Yet a few minutes in, the event’s organiser and first speaker, the journalist Ben Beaumont-Thomas, had held the audience’s attention, wise-cracking his way through a history of human motivation behind how we portray ourselves in public (the 1970s neatly summarised as a ‘me’ decade of solipsistic confusion; the 1990s as an ‘us’ decade, the start of social transmission and an accompanying loss of privacy), before moving swiftly up to date, to focus on how we consciously and unconsciously allow increasing amounts of information about ourselves to be generated and left in the public domain: the ‘transparent life’ of the event’s title. And with that, the talk became less about bytes of visualised data and instead about something both simpler and more profound: human identity and the blurring boundaries between our private and public selves. Read full post
27th May 11
Author: Jim Carroll, Chairman, BBH London
Sometimes recently I’ve woken up in the middle of the night and there have been birds singing in the street outside. Two or three o’clock in the morning, well before sunrise and they’re chirping away, casually, confidently.
I’m no ornithologist, but shouldn’t they be saving it for the dawn chorus?
Inevitably one is troubled by the abnormal. My initial concern was that their singing portended some dark event, an omen of impending doom.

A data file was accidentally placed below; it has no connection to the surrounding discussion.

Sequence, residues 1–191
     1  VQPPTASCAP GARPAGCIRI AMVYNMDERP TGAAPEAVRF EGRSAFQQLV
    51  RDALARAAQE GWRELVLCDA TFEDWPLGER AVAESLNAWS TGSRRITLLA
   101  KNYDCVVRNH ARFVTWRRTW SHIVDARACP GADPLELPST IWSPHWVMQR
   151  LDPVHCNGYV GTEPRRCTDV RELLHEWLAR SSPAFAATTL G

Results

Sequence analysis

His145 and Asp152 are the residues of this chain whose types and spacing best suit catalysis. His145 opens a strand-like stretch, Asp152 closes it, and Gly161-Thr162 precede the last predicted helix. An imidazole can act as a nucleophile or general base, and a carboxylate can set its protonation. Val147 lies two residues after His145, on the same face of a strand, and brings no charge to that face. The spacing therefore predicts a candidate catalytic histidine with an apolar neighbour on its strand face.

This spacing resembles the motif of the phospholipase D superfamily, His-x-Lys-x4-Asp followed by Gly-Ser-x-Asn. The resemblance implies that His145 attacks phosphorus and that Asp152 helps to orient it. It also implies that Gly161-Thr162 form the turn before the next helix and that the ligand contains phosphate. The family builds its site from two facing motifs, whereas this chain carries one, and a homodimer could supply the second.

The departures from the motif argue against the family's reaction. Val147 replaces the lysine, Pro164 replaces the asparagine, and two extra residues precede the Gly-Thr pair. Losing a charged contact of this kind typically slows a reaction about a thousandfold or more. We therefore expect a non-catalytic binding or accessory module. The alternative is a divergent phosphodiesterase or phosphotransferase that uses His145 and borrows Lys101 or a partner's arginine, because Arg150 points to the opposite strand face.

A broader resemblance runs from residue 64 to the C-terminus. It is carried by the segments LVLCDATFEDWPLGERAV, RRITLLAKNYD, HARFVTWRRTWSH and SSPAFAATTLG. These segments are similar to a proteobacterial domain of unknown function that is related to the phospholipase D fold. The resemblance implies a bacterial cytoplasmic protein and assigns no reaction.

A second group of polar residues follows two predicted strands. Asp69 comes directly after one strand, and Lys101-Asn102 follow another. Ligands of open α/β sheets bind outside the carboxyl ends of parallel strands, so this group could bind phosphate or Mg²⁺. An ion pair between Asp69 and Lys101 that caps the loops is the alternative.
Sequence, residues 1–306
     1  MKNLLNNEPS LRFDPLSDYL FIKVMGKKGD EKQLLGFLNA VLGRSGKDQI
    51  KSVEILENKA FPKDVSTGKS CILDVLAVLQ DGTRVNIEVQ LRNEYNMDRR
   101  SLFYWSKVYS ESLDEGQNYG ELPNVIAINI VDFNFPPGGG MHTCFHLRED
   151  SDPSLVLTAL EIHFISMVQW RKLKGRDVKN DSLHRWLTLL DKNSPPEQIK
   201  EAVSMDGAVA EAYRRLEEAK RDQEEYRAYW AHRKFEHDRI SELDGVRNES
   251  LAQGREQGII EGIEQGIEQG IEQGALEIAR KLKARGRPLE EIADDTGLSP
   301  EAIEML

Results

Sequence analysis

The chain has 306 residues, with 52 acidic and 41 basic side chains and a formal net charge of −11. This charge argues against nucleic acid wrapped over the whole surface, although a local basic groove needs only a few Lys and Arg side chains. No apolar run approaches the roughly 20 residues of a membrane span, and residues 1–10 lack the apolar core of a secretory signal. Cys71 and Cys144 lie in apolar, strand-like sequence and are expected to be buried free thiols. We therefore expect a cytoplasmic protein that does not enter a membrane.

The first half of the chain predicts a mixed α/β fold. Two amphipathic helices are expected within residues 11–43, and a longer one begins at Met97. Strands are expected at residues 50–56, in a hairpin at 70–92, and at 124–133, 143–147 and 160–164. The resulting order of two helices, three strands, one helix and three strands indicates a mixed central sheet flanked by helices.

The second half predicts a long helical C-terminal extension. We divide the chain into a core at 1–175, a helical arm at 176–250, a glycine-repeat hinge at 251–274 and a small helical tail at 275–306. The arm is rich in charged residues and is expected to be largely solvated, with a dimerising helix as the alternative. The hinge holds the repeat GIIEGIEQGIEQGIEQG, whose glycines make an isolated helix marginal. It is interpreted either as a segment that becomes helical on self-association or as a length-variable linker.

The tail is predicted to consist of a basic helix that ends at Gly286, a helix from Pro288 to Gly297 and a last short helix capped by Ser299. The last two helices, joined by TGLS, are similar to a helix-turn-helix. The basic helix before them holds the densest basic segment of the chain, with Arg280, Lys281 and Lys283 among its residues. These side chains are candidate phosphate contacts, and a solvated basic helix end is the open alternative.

But the world didn’t implode.
I wondered was I witnessing some form of ecological fallout? Was the nocturnal bird song an unnatural response to an unnatural environment?
The bird authorities’ website reassured me that our feathered friends sing primarily ‘to attract a mate and defend territory’ and that some species are just happy to do these things at night.
I prefer to imagine that the birds outside my window are adapting to the modern world. Working, socialising, eating and courting on a more fluid, 24 hour, ‘always on’ basis.
Perhaps the collective unconscious of London sparrows has connected with humanity’s accelerating metabolism. Perhaps they’re embracing deconstructed social norms, flexible working, speed dating.
Maybe this also explains the migrant foxes that have long since given up the tedium and conservatism of rural life for the bright lights and diversity of the metropolis.
I have always liked the idea that change is a social, collective thing. That we like to change together, that we are reassured by community even when that community is evolving in different directions.